In 1945, Orville Prescott of the New York Times replaced Lewis Gannett of the New York Herald Tribune, and the three jury members, if anything, had even more trouble coming to a consensus than before. Orville Prescott championed John Hersey’s World War II novel, A Bell for Adano, while Maxwell Geismar preferred Joseph Pennell’s The History of Rome Hanks and Kindred Matters, and the chairman, John Chamberlain, argued for Edith Pope’s Colcorton. Like the year before, the jury report provided a list of each member’s preferences, this time ten books long apiece, and gave numerical values to the first five spots on each jury member’s list. The resulting tally found Pope’s Colcorton in first with 13 points, Hersey in second with 9 points, but Prescott just behind in third with 8 points. Each of the jury members went on to explain their thoughts on their choices in individual paragraphs.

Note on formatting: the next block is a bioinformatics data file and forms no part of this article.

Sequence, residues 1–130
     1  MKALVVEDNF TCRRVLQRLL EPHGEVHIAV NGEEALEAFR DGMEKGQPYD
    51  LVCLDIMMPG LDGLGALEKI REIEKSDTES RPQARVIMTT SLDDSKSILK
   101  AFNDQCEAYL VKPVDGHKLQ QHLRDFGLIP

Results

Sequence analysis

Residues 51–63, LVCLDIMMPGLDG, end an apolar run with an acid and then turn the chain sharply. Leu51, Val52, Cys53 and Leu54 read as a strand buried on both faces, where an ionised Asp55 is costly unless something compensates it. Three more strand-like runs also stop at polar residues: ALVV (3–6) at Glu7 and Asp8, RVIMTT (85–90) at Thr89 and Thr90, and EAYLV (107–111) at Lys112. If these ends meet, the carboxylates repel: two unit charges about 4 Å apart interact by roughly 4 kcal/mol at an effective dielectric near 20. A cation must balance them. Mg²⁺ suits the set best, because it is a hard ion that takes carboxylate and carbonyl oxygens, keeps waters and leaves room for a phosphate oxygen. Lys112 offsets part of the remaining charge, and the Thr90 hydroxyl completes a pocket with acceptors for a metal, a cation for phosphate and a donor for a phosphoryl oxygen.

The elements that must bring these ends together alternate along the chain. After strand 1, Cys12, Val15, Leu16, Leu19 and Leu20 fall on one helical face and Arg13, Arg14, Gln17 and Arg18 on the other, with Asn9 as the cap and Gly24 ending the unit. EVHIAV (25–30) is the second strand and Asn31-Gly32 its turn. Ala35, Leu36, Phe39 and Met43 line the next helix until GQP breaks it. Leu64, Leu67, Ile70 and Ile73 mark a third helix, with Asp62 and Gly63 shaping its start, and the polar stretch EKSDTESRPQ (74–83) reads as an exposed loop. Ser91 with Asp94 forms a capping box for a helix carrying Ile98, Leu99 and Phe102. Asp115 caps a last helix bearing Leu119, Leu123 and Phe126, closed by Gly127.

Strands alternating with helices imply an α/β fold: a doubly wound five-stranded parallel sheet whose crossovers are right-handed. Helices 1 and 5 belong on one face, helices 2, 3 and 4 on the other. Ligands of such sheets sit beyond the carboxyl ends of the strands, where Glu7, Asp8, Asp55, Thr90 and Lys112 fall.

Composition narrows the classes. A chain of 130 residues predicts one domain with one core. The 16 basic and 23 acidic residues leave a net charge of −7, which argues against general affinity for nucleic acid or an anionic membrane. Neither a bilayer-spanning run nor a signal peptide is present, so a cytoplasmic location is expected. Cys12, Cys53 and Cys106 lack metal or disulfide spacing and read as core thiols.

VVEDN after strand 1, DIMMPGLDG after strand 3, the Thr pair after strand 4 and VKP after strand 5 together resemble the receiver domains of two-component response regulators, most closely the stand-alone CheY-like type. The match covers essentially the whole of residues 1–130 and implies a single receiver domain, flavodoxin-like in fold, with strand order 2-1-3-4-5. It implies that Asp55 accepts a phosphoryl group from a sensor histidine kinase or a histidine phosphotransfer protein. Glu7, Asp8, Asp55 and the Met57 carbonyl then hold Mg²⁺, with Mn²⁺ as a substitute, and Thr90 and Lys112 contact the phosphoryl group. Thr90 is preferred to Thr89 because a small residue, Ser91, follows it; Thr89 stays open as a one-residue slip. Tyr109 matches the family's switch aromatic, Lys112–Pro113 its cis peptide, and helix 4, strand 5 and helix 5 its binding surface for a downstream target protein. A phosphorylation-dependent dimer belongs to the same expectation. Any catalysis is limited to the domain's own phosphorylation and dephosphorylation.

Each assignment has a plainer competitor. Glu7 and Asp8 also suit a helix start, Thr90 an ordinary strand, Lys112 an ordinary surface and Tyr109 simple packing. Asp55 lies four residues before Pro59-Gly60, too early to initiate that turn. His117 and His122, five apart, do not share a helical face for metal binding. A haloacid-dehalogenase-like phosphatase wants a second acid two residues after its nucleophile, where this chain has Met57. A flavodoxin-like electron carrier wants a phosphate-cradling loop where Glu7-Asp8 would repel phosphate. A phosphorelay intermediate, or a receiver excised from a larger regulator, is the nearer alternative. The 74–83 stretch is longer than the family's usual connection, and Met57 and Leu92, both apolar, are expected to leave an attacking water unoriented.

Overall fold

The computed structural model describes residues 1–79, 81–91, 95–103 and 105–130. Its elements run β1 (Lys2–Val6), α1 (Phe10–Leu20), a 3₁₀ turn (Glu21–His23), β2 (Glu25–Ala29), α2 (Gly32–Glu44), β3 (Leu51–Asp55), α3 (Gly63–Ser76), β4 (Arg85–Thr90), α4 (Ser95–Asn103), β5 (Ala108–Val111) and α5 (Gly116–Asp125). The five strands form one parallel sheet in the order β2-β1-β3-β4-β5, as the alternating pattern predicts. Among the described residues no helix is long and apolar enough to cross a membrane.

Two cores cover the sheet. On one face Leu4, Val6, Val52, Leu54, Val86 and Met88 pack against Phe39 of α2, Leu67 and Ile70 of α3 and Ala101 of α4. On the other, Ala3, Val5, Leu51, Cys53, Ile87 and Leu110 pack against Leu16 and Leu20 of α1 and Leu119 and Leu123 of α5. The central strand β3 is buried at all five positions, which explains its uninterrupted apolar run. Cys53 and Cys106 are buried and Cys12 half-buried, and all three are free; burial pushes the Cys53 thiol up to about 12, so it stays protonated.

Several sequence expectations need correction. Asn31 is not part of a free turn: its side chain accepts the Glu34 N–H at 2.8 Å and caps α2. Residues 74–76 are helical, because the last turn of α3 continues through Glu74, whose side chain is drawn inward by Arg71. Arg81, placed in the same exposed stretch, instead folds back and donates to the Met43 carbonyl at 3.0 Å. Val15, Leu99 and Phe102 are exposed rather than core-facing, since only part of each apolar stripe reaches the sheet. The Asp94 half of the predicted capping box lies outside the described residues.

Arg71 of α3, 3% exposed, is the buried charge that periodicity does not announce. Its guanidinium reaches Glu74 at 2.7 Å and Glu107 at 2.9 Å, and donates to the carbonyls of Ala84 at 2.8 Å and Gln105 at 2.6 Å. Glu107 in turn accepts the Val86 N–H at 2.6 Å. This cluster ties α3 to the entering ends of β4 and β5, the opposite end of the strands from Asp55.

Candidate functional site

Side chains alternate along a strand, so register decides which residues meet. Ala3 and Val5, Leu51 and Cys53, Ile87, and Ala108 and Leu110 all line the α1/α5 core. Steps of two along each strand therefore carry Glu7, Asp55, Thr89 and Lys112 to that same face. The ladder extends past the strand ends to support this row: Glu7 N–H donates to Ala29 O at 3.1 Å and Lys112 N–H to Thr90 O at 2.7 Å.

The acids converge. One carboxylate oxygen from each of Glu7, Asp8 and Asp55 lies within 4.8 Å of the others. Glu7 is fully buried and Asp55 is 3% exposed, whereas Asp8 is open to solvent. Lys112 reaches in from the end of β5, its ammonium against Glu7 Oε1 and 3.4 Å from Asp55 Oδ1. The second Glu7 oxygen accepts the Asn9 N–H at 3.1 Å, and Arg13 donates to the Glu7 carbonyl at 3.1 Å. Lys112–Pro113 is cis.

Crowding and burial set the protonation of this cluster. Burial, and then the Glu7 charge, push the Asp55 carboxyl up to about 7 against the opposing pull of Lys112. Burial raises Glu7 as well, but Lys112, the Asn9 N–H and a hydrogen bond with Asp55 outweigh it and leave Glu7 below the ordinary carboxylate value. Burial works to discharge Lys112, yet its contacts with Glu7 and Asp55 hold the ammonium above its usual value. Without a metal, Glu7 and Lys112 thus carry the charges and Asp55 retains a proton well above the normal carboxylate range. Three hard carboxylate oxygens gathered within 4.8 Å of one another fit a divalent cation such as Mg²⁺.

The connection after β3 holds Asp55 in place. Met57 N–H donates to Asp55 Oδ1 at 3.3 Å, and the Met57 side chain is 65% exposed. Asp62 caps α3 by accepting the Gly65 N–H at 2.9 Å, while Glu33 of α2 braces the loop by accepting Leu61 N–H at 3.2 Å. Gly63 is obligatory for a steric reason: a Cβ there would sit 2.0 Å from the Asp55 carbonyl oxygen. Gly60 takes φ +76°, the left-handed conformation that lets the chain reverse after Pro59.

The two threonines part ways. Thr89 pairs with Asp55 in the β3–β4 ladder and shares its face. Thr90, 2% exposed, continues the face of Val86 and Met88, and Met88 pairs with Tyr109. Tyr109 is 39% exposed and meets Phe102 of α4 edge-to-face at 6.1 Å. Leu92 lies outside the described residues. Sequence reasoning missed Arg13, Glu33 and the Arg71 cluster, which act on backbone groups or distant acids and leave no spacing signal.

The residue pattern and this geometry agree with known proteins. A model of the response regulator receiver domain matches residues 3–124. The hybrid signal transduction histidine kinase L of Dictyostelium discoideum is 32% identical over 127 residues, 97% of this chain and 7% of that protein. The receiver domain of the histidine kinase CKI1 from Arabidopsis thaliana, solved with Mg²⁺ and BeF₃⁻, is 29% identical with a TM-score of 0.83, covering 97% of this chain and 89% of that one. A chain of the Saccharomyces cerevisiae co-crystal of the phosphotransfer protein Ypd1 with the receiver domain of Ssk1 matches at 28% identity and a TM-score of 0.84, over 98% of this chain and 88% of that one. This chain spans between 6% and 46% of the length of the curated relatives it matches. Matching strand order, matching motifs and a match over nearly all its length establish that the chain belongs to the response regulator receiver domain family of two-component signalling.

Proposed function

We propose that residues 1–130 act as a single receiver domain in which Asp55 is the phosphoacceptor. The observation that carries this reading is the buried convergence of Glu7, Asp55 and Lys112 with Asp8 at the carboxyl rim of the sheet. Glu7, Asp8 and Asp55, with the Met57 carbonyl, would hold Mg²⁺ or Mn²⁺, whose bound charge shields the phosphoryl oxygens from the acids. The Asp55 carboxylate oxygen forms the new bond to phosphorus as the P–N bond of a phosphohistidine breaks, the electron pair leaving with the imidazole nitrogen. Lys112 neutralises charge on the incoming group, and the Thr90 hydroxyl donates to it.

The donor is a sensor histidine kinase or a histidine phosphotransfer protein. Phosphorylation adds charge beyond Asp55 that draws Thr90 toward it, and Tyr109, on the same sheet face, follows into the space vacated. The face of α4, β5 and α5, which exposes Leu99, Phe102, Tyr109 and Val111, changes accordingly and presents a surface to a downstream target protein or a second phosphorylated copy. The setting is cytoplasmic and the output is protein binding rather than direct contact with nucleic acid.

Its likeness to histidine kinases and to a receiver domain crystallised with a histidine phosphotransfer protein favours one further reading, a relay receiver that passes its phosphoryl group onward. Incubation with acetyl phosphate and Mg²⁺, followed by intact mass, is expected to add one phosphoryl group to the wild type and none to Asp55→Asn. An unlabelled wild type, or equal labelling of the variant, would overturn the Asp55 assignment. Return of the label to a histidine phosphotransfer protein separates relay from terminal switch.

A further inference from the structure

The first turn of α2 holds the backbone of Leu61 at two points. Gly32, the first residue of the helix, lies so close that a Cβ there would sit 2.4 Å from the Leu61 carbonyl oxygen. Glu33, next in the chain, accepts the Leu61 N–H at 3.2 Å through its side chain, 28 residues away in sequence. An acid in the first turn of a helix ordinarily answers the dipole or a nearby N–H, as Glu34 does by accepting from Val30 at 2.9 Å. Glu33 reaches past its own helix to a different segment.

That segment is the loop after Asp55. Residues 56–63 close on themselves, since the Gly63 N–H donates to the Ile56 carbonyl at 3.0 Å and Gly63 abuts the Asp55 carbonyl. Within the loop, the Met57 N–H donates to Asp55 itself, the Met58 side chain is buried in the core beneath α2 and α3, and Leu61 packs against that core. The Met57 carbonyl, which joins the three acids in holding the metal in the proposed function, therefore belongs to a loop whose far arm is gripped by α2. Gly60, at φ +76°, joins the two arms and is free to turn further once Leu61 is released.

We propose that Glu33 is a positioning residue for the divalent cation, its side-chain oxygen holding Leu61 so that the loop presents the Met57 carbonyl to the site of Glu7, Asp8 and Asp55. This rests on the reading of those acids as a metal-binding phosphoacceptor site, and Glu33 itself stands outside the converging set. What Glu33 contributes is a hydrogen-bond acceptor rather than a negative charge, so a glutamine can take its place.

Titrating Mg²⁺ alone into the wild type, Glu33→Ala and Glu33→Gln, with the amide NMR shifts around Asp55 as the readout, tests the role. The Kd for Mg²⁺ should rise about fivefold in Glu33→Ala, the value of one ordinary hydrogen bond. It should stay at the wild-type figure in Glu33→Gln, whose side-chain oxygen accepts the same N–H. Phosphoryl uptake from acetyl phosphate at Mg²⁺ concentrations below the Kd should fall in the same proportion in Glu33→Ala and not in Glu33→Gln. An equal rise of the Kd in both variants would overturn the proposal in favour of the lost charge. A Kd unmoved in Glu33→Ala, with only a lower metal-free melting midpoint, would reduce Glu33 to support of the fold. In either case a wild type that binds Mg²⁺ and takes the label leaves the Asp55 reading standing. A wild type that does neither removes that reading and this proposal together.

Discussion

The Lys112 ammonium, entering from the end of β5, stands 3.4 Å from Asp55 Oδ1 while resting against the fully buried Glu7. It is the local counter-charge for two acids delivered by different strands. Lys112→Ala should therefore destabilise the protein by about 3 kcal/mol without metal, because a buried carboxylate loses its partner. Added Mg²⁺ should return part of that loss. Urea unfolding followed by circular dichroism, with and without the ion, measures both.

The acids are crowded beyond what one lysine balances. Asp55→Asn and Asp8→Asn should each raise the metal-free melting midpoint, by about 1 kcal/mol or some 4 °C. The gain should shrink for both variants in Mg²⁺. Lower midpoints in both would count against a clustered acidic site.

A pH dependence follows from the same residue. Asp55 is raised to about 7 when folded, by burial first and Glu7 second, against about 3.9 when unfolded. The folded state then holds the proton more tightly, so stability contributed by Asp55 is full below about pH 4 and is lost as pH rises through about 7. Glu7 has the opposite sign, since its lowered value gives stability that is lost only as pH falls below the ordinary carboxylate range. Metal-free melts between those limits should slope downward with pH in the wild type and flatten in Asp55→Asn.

Chamberlain writes that Colcorton is “the best novel of the year” for its “sheer ability to maintain a mood of mounting terror throughout a long novel in which the characters are fully created.” Though Geismar placed The History of Rome Hanks at the top of his list, he goes on to explain that “in some ways I like Colcorton better, though it is more limited, and flattens out in the end. And Prescott writes that the novel “transcends mere local color and achieves a note of psychological tragedy of almost Grecian grandeur.” Continue reading